High tech comes in many flavors. Some of it is just completely new like the Lever building in New York City or maybe an IPad, but I like high tech when it reaches back and reaches forward. In yacht design occasionally I get to see such instances. I particularly like those designs that use wood in novel ways. Last week I finally got the chance to sail on a 1980’s Dick Newick wooden trimaran that has been taunting me on its mooring on the river near my house for many years (I am digressing a little here, bear with me).
TRANSIENT is a cold molded wooden high performance trimaran that appparently still holds the two-handed record for an Atlantic crossing in its class. The boat has been owned by Tim Ross of Fair Haven, NJ for many years and he continues to make changes to her that keep improving her performance (Trimaran sailors are nuts for lighter and more power). We sailed the boat on a Sunday morning in light air, and the wind really never went over 10 knots, but while Tim’s young daughter and her friend were treating the boat like a jungle gym, we were zipping around the river doing more than 10 knots, at zero emissions. TRANSIENT is now almost a relic since the newer racing trimarans are almost all carbon fiber. But carbon fiber is not the end all, or the total solution, it is simply another arrow in the designer’s quiver.
Real design grace comes from using all material for the best possible benefit, and putting them together in a fashion that works, improves performance and at the same time allows us all to stay connected to where we came from.
Enter, AMERICA 2.0
Here she is at the dock. She sure looks like the low black schooner AMERICA, but with a cabin trunk. She was built by Scarano Boat Building and designed by John Scarano and his staff of exotic material junkies.
The picture is a little dark (I took it at 6:00 in the morning along the berth at their yard in Albany), but take a close look.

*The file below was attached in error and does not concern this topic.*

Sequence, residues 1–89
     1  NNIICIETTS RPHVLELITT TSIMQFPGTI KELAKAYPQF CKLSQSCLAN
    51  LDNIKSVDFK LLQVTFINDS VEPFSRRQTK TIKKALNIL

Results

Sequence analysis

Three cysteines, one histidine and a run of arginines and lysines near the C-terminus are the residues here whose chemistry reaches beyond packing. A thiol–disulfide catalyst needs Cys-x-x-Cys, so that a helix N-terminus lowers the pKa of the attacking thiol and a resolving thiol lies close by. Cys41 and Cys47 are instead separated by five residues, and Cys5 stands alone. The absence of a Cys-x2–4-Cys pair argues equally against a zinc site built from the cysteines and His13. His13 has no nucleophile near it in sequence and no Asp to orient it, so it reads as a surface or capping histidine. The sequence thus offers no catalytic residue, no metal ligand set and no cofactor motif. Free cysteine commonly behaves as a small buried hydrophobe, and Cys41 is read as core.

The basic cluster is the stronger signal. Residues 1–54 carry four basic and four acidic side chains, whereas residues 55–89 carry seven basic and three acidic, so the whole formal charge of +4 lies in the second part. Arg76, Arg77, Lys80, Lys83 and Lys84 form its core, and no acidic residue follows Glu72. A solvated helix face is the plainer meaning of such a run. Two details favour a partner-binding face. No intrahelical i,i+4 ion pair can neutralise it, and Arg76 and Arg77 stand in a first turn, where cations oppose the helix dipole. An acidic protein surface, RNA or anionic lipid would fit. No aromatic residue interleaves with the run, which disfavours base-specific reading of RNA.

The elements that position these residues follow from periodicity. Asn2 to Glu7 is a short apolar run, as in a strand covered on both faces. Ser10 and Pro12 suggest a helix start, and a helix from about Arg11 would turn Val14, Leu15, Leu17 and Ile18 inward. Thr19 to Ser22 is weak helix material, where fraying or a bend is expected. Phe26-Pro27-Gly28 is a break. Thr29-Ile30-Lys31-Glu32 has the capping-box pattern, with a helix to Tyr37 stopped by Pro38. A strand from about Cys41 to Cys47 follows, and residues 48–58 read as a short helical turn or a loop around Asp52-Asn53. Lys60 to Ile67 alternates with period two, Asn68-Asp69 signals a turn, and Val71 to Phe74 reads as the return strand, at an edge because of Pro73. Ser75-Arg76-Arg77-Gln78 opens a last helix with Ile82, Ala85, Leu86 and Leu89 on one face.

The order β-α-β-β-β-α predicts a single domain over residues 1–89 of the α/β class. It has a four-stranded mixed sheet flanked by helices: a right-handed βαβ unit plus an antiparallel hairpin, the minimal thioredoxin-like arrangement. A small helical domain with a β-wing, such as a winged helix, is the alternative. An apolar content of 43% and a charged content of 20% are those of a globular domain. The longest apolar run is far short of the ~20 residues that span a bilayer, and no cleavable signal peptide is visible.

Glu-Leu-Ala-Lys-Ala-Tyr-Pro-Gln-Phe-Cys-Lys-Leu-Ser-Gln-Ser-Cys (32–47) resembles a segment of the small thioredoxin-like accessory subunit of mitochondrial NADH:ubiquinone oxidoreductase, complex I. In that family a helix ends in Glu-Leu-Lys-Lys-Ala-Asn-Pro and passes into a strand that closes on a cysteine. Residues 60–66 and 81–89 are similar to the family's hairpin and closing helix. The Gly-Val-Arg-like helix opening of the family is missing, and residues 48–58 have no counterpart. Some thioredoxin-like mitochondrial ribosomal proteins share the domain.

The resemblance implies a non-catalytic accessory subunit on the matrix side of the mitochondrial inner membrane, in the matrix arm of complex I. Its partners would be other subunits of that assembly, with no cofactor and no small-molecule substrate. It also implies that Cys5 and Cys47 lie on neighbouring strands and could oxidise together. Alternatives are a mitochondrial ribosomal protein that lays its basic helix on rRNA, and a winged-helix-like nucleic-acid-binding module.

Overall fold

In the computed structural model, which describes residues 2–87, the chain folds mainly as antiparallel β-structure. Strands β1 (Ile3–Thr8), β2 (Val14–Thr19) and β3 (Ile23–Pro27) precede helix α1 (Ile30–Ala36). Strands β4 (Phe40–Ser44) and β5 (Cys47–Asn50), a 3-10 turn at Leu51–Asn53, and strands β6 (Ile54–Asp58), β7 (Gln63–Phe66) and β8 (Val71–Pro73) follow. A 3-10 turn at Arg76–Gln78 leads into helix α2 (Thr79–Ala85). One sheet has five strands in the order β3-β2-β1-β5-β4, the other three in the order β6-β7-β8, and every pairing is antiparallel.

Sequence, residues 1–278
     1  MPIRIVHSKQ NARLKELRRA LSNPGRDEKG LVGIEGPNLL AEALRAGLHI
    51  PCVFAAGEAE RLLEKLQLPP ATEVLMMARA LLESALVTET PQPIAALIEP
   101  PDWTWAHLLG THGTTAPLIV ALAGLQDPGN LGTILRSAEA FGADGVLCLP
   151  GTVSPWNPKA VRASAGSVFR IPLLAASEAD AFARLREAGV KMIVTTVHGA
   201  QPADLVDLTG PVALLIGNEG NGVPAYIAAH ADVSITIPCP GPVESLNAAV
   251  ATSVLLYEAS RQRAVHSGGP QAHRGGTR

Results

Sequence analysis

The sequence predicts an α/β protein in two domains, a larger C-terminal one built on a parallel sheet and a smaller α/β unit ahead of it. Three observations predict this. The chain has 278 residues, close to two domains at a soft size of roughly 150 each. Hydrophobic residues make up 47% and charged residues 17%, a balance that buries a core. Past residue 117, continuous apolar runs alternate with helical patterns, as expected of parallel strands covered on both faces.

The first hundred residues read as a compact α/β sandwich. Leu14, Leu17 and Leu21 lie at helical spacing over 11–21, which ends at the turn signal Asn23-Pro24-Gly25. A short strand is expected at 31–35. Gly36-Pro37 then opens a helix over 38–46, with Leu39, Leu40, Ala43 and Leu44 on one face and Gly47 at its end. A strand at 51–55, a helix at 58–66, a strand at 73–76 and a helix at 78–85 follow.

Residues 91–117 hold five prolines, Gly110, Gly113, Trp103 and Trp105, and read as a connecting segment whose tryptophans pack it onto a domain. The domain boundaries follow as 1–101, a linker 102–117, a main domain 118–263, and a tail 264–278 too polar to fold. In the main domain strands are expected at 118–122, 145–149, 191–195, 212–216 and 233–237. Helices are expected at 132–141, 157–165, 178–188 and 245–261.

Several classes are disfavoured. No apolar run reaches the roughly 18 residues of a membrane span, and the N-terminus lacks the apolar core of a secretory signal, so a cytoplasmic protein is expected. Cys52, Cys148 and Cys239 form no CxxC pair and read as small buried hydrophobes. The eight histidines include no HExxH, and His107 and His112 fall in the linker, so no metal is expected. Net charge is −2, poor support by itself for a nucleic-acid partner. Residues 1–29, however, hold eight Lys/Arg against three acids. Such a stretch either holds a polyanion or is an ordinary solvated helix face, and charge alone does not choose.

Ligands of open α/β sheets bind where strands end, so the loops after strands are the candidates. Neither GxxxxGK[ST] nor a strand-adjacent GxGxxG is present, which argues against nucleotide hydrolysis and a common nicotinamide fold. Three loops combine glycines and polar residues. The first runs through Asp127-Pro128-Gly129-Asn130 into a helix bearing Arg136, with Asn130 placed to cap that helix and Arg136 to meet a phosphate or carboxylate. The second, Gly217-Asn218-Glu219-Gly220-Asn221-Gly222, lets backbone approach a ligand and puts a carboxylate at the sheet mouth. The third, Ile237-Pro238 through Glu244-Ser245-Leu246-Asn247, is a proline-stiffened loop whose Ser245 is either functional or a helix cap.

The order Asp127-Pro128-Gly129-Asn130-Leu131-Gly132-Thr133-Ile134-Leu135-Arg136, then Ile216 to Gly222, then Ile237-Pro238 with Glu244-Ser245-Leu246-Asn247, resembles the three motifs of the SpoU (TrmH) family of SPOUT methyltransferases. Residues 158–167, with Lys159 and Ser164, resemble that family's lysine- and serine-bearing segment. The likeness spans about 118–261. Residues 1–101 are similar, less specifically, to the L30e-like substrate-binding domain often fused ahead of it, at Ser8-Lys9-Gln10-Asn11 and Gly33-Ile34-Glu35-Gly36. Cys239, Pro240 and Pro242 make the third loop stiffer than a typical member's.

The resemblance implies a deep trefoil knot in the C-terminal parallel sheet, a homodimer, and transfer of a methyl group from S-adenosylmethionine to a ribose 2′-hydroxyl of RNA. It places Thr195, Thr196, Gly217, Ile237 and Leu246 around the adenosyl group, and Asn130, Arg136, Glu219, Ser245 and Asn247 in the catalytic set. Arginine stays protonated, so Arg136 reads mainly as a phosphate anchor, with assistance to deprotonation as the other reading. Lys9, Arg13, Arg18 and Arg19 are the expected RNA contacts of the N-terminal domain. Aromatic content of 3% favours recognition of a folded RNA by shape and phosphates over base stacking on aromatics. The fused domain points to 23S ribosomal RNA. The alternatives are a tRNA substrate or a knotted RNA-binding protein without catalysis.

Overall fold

Right; no shrouds. The masts are freestanding; carbon fiber spars clad with doug fir.
Unstayed spars are only the beginning. The vessel has an aluminum substructure that bolts to an aluminum/wood composite hull. In other words, the boat’s lower part can be unbolted from the upper part. Why? Well often to John and his build/design crew the answer is “Because it would be fun to see if it can be done.” But if you study it closely and spend some time thinking about it, you’ll start to see why this is pretty neat.
So while we are taking the boat from Albany to New York City where she will be used as a passenger vessel for Classic Harbor Line, somewhere near West Point, I was lying back on one of the soft benches in the salon and looking up at the overhead.
It is quite pretty (and I am sure many of the thousands of passengers who will enjoy AMERICA 2.0 will think the same thing), but only a few will know that what looks like a classic yacht is actually assembled from literally dozens of materials, all of them carefully selected and integrated in one graceful whole.
That overhead is not wood; it is a combination of aluminum subframing, fir and cedar planking, teak and cherry veneers, carbon fiber mast substructure, fiberglass, epoxies, varnishes, and urethanes.
And this vessel is not some rich man’s folly. This boat will be making money for its owners in the passenger trade as an 85-passenger vessel.
So while we were dreamily sailing down the Hudson in the setting sun just north of the George Washington Bridge doing 8 knots in an 8-knot breeze (that is Rick Scarano at the wheel and master mechanic, Chris, is moseying back to the drink cooler), I realized that probably only you, me and the Scarano people will know that what we have here is a modern marvel – a boat that can carry 85 regular people paying a few dollars for the privilege of being powered by the wind at speeds faster than the original designers of AMERICA ever contemplated in perfect US Coast Guard approved safety – and that development is AMERICA Version 2.0. Thanks for the privilege, Scaranos!
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